The Potluck

Lazzaro scandal takes another turn

By: - September 8, 2021 8:26 pm

Anton Lazzaro, 30, has been charged with sex trafficking six minor girls.

The sex trafficking scandal embroiling the Minnesota Republican Party took another legal turn Wednesday when a Republican political consultant accused a DFL strategist of defamation for promoting tweets by a Republican activist that he said falsely connected him to the scandal.

William “Billy” Grant served, but did not file, a complaint against former 8th Congressional District DFL chair Justin Perpich, alleging he defamed Grant by falsely connecting him to Anton “Tony” Lazzaro, 30, a Republican donor and strategist recently charged with sex trafficking minors. 

Lazzaro’s arrest has roiled the state Republican party due to his association with former GOP Chair Jennifer Carnahan, who resigned a week after his arrest as the party scrambled to return $300,000 in donations from Lazzaro. Lazzaro has pleaded not guilty. 

Perpich responded by countersuing Grant, calling his complaint an attempt to intimidate and silence him on a matter of substantial public concern, and saying any statements he made were true or substantially true.

“Because Perpich will not be intimidated by Grant’s attempt to browbeat him, Perpich decided to file this lawsuit because he is unafraid of the publicity,” Perpich’s counterclaim and answer says.

Perpich’s attorney, Cassie Merrick, said he is looking forward to defending himself and bringing out the truth in court.

“Frankly if he didn’t want it to be made public, he shouldn’t have simply served a complaint on our client,” she said. “We’re very much looking forward to discovery should the case continue.”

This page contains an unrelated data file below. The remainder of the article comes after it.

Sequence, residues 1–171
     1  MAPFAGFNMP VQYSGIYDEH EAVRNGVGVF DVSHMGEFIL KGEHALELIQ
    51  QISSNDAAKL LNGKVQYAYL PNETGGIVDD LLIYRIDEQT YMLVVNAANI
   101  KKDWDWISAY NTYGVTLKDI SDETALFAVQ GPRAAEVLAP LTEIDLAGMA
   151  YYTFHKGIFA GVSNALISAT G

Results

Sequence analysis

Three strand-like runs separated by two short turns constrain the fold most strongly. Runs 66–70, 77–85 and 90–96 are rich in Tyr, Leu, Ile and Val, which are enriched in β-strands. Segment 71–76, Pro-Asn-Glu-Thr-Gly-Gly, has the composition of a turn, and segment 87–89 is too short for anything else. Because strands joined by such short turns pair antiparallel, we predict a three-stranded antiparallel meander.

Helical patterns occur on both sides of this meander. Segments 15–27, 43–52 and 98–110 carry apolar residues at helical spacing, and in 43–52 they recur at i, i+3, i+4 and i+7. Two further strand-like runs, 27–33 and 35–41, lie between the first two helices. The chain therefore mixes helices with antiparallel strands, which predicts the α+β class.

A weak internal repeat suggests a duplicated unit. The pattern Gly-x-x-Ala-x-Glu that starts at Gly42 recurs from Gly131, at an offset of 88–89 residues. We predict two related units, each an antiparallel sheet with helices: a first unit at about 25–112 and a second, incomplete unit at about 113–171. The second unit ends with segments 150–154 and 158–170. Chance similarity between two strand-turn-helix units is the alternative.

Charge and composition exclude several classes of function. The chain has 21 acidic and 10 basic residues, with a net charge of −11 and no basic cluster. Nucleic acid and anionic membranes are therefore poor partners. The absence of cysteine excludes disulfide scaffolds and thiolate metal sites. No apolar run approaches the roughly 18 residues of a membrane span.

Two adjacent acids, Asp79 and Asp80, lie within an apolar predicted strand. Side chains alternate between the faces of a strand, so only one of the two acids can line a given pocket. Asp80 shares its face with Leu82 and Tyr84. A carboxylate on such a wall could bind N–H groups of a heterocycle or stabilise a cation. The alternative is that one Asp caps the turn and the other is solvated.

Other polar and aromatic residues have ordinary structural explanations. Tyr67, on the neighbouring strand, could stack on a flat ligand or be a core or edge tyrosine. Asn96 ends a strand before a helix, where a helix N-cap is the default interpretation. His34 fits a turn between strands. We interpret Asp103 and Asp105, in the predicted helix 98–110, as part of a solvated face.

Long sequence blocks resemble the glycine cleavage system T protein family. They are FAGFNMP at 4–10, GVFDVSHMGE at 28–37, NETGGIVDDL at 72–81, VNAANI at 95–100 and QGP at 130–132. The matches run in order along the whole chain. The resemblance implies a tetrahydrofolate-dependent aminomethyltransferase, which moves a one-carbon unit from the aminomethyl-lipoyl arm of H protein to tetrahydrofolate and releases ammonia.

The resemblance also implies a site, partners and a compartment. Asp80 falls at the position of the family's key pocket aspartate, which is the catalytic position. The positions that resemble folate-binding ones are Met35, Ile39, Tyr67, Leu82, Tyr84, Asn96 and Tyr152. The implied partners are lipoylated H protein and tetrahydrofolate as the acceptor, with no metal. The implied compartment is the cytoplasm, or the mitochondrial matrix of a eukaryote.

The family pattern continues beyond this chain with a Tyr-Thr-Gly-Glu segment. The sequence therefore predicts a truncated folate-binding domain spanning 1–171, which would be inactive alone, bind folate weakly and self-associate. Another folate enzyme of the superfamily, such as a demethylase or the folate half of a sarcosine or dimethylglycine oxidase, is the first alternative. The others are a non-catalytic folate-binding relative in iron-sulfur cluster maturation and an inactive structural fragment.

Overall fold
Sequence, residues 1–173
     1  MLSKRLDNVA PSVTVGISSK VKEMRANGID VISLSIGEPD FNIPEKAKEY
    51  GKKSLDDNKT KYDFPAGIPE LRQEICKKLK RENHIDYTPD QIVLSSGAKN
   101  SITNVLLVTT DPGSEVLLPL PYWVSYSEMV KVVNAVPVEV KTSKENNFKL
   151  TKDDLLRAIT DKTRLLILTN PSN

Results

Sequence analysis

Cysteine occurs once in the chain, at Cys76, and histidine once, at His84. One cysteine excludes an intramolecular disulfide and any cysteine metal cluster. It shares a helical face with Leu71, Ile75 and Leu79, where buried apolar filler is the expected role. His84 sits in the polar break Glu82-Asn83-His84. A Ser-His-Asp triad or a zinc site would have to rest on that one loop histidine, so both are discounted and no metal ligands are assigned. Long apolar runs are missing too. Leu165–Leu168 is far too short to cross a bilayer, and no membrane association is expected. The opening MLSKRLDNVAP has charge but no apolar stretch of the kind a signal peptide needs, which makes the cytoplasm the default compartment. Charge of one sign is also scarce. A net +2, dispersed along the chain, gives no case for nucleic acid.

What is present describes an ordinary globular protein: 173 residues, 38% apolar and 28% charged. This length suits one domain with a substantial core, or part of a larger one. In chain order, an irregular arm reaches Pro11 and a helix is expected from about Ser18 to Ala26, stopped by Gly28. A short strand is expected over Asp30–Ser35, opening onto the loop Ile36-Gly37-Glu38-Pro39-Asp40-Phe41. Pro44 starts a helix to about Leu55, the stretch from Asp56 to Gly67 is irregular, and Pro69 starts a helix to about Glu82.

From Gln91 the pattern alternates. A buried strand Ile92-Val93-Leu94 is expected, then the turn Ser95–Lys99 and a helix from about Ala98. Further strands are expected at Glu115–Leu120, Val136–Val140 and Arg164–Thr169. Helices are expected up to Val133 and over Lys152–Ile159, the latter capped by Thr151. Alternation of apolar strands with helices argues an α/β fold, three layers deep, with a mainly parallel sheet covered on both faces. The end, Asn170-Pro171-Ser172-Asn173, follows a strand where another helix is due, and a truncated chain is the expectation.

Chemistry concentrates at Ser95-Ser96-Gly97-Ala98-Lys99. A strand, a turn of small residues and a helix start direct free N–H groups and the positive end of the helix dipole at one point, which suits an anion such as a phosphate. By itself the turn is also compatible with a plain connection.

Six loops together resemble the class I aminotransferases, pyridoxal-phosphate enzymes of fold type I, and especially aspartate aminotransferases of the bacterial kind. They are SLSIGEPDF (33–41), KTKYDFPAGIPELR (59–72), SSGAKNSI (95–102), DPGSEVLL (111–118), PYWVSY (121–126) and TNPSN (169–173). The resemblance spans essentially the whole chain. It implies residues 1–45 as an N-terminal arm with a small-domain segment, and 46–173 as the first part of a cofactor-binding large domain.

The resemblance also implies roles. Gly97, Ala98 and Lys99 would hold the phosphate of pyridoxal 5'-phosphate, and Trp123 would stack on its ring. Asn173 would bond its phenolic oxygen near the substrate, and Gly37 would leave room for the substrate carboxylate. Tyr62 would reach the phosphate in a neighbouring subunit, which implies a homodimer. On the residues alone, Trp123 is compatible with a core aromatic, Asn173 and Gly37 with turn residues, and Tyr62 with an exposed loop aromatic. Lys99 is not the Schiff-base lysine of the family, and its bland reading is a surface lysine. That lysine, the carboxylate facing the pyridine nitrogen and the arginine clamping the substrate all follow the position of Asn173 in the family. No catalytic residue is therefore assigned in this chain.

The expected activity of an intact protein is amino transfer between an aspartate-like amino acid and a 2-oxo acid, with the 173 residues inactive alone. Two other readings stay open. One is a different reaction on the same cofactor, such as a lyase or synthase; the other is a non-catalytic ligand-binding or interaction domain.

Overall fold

In Minnesota, you can serve a complaint without filing it — it’s called pocket service — and then the two sides have one year to litigate the case privately. It can be a way to muzzle someone, Merrick said.

In his complaint, Grant accuses conservative social media journalist and provocateur Rebecca Brannon of publishing on Twitter numerous false, defamatory statements connecting him to Lazzaro and Carnahan. Grant accuses Perpich of retweeting or commenting on those tweets. Brannon is a former GOP activist who has said she distanced herself from the party after being harassed by Carnahan.

Grant worked on Doug Wardlow’s attorney general campaign, Rand Paul’s presidential campaign and was campaign manager for Carnahan’s 2019 re-election campaign for party chair. He joined Arsenal Media Group earlier this year and is working on Wardlow’s second attorney general run and two congressional campaigns.

In his complaint, Grant said he aspires to be one of the top political consultants in the country, and had a strong reputation until he was recently falsely accused and defamed by Perpich and Brannon. Grant said their actions have hurt his reputation and business, with donors and supporters of his clients threatening to withdraw their support. He seeks an injunction to stop them from making false, defamatory statements about him.

In his answer, Perpich said Grant had not yet even tried to serve Brannon and laid out connections between Grant and Lazzaro and Carnahan, many culled from social media. 

“Clearly, because Lazarro has now been arrested and indicted, Grant is doing his level best to

distance himself from his own past,” Perpich’s attorney wrote. Perpich, a legislative political organizer for the American Federation of Government Employees, seeks a declaratory judgment to vindicate his free speech rights. 

Lazzaro was arrested last month and ordered to remain detained at the Sherburne County Jail until his trial, which is scheduled for Oct. 18. 


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Deena Winter
Deena Winter

Deena Winter has covered local and state government in four states over the past three decades, with stints at the Bismarck Tribune in North Dakota, as a correspondent for the Denver Post, city hall reporter in Lincoln, Nebraska, and regional editor for Southwest News in the western Minneapolis suburbs. Before joining the staff of the Reformer in 2021 she was a contributor to the Wall Street Journal and the New York Times. She and her husband have a daughter, son, and very grand child. In her spare time, she likes to play tennis, jog, garden and attempt to check out all the best restaurants in the metro area.